The more stringent post-secondary credential market has also led to a high degree of nootropic abuse, as students try to gain an edge or alter their brain patterns in an attempt to gain acceptance into programs that their neuro-fingerprint may not permit. In an attempt to curtail such abuse, many credentialing organizations have a neuro-regulator on staff, trained at accessing years of neuro-fingerprint data in order to uncover possible abuse. When abuse is found, the student is removed from the program, and his or her neuro-fingerprint is flagged. Students with previous offenses are often subject to a thorough smart drug evaluation when they apply for another credentialing program. (page 14)
Coming from several directions simultaneously, the edtech movement is vast and international, and billions of dollars are being poured into it each year in the hopes of cashing in on a market said to possibly reach $252 billion by 2020. Personalized learning is just one aspect of the movement, whose overall goal is to rid education of teachers, among other things.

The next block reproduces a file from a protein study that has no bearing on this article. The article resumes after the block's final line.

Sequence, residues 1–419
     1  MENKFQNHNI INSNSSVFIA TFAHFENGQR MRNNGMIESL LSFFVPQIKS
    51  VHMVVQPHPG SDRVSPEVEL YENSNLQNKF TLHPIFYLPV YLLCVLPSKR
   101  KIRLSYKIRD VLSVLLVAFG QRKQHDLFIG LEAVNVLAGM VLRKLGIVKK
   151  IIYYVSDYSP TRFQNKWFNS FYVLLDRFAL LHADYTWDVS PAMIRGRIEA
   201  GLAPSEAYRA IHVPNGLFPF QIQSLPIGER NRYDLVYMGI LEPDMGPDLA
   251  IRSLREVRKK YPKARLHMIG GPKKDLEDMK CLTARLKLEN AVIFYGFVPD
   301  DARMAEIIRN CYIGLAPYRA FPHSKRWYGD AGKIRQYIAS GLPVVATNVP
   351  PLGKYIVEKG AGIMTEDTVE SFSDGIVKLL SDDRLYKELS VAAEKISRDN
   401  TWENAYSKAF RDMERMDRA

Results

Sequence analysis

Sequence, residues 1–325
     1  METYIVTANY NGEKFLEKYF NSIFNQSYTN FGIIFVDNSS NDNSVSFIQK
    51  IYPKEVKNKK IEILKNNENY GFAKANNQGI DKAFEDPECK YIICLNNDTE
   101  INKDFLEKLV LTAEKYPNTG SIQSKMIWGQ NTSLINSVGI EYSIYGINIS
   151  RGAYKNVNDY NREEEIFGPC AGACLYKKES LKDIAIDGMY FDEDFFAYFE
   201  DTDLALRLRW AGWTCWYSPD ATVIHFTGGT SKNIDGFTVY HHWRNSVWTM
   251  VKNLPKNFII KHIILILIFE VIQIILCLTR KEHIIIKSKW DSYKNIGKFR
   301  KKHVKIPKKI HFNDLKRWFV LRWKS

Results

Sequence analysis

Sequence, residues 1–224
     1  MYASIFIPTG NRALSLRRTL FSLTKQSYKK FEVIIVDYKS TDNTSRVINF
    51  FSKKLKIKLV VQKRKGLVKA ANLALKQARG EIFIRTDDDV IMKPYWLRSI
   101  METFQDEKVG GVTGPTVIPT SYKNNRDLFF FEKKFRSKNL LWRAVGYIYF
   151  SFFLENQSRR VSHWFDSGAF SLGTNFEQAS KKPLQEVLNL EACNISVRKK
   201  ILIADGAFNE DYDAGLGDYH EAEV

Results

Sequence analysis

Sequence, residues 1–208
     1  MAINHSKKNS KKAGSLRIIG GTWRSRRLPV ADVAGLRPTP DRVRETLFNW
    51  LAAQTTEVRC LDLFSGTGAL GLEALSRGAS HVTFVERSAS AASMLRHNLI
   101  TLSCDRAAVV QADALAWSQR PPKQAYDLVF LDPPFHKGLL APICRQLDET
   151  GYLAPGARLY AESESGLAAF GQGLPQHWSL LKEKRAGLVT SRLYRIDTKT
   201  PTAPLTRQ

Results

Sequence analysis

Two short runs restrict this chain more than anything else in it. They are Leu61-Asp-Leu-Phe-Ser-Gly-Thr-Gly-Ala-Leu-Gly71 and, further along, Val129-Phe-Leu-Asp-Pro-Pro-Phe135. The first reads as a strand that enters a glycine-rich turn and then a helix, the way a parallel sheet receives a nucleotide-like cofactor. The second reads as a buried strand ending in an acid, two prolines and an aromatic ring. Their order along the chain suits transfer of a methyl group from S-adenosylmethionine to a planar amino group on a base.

While everyone was fighting off school vouchers and charter schools, the billionaires and their promoters (many most pro-public school activists have not even heard of) and the federal government were hard at work creating a vast infrastructure for edtech, which encompasses learning apps, gamification, virtual charter schools, online platforms, biometrics, virtual tutors, social media monitoring of students, surveillance, big-data, data-brokers, hacking, social control by the government and corporations, the gig economy, etc., and the complete financialization of education (please read Tim Scott’s piece, too).